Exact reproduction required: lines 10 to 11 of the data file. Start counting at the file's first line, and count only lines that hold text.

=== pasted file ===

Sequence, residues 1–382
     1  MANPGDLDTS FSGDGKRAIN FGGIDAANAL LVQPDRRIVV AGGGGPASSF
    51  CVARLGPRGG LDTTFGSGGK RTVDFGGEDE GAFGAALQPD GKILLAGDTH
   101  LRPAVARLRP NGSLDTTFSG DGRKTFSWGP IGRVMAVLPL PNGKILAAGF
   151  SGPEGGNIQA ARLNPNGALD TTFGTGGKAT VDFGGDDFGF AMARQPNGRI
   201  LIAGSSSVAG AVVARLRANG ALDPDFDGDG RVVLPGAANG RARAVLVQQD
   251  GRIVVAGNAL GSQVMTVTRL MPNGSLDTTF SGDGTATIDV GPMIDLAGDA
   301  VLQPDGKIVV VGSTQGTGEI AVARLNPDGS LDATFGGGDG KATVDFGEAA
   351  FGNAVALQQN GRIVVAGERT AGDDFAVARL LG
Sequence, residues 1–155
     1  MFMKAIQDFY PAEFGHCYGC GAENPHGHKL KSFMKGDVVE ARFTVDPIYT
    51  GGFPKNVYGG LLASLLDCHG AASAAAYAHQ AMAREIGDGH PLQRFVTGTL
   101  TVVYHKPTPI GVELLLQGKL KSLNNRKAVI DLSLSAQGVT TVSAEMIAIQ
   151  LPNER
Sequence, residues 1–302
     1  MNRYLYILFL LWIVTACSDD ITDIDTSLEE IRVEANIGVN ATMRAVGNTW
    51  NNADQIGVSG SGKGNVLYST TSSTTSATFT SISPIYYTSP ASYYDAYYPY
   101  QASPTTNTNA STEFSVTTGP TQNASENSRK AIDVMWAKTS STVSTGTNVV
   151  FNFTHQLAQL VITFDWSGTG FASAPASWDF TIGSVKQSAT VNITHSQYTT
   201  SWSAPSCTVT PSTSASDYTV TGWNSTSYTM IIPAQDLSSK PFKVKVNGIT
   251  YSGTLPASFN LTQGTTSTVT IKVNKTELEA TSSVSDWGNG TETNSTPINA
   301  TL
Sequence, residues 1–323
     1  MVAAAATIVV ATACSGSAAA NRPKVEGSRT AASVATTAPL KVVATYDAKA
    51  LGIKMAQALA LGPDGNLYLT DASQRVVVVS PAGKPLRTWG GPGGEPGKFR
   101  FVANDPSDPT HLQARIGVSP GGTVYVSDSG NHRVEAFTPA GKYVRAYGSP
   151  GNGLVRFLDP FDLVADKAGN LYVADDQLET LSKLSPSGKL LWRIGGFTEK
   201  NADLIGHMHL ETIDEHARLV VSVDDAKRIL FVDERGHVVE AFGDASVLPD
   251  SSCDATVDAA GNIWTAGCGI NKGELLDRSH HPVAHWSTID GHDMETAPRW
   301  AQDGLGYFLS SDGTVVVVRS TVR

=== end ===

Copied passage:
Sequence, residues 1–155
     1  MFMKAIQDFY PAEFGHCYGC GAENPHGHKL KSFMKGDVVE ARFTVDPIYT